HERA has an ambition to bring knowledge on the “solar hydrogen” production and storage closer to the users and, via technological optimization, translate it to a product.
Objectives:This goal will be achieved by integrating lab-scale studies with system-oriented experimental examinations, yet unapplied to the materials proposed in HERA. The current setups for the “solar hydrogen” production consume excessive amount of energy to overcome the oxygen kinetic-related overpotential, and cannot provide enough power in a feasible way. The technical solutions also do not include the storage option for the hydrogen produced. And that’s the main HERA goal: to construct a kinetically enhanced photoelectrochemical device that will be able, at the same time, to generate & store the produced hydrogen gas. The optimized design will also allow for the on demand release of the absorbed H2. The photooxidation reaction will be the driving force of the planned architecture. It will involve other than water oxidation processes that are expected to provide enough electrons for the water reduction, hydrogen formation and its subsequent absorption by the cathode. The latter, will be realized by application of metal hydrides as a hydrogen storage medium. The research will to go far beyond single case examples and cover systematic investigations of various chemical compositions, underlying the relationship between the fundamental material properties and functionalities in the studied photoelectrochemical architectures. We expect that HERA achievements will contribute to breakthroughs in the field of design and applications of the environment-friendly and economically viable renewable energy-based technologies.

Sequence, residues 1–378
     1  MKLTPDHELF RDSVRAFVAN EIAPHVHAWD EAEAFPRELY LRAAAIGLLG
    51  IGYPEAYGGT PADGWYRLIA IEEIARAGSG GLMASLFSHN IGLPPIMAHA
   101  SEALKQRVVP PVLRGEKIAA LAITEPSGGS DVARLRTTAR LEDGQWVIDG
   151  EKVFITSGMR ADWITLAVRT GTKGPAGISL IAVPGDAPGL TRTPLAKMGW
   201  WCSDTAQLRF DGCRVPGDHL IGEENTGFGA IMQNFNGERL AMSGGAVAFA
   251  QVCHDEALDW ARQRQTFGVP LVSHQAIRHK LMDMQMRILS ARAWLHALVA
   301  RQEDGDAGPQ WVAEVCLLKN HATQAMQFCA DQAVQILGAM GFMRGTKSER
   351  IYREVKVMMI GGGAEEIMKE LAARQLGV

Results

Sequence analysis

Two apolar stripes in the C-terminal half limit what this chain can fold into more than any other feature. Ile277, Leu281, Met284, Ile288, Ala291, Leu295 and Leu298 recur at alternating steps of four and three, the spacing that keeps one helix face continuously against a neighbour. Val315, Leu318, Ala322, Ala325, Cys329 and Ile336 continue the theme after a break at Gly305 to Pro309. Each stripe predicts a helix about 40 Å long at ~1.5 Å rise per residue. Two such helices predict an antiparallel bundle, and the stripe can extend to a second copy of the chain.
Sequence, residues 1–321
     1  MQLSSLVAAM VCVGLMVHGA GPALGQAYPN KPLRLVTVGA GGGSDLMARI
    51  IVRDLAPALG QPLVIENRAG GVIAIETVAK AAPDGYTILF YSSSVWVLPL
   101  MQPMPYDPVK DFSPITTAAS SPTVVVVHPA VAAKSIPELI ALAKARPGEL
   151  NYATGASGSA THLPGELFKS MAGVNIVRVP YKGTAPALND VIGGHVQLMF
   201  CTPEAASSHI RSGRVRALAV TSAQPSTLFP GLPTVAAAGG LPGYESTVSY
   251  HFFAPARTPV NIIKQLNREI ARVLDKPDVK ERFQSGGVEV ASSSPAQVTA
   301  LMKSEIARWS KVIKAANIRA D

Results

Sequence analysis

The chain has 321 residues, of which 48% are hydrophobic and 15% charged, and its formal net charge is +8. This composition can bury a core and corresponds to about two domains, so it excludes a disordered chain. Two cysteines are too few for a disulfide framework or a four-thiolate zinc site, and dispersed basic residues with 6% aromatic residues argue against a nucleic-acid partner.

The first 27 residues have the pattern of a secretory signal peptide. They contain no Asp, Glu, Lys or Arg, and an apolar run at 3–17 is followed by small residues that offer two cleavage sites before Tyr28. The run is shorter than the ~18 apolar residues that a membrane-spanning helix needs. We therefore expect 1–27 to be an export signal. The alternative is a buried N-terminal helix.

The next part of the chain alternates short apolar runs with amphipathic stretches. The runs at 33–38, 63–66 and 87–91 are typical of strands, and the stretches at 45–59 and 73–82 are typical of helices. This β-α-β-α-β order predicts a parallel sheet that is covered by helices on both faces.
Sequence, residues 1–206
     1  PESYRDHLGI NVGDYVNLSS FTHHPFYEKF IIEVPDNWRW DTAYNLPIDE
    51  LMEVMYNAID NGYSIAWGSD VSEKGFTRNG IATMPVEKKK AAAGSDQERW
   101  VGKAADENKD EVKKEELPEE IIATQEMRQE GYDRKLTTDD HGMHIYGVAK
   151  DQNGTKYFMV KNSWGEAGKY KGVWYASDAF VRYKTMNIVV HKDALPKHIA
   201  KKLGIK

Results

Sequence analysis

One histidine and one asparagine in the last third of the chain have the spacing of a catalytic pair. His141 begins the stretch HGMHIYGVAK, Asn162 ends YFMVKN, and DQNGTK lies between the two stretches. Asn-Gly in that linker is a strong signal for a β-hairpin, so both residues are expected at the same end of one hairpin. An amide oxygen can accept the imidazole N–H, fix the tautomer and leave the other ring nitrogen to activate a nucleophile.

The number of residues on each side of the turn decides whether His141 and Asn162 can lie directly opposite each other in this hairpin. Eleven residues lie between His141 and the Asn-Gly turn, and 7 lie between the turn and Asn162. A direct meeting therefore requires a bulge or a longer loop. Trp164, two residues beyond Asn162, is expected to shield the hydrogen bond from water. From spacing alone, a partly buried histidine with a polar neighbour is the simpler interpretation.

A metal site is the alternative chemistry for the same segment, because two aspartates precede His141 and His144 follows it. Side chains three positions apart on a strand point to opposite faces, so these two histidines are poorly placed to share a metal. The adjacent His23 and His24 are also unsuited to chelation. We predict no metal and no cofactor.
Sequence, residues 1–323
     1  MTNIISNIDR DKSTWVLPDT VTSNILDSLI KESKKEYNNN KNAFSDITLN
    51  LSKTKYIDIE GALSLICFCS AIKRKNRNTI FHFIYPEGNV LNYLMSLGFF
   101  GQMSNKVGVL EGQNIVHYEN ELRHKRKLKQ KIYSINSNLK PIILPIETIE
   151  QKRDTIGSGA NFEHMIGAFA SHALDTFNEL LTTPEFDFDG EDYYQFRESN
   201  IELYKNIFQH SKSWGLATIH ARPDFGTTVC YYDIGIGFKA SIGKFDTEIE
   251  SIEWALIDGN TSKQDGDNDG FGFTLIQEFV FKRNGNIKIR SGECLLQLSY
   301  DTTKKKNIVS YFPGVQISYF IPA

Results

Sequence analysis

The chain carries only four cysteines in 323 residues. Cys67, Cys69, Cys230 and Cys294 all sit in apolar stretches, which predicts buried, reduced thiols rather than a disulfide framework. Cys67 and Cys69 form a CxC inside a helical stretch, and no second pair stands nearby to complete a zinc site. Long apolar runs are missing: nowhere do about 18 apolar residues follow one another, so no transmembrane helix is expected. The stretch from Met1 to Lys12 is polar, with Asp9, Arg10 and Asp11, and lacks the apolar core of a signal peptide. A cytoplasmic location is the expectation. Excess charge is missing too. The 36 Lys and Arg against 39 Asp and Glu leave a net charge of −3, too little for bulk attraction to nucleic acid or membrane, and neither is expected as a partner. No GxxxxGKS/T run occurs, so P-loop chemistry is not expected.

Background: Solar energy is intermittent in nature, creating an inherent mismatch between photovoltaic energy production and consumption, and in this way, limiting the degree to which we can depend on it. In this regard, solar-driven water-splitting is a viable alternative that has the potential to realize affordable fuels by converting solar energy into hydrogen – a storable energy carrier. And that’s what the “Hydrogen Energy Rechargeable Architectures: Coupling of On-demand Hydrogen Generation and Storage" project – in short HERA – is about.
Owner and project coordinator of the project: Center of New Technologies at the University of Warsaw (eNT UW)
Financing: The project is funded by the EEA and Norway Grants within the POLNOR/Applied Research program. The Department of Technology Systems (ITS) at University of Oslo (UiO) and InPhoCat (the industrial collaborator) are project partners.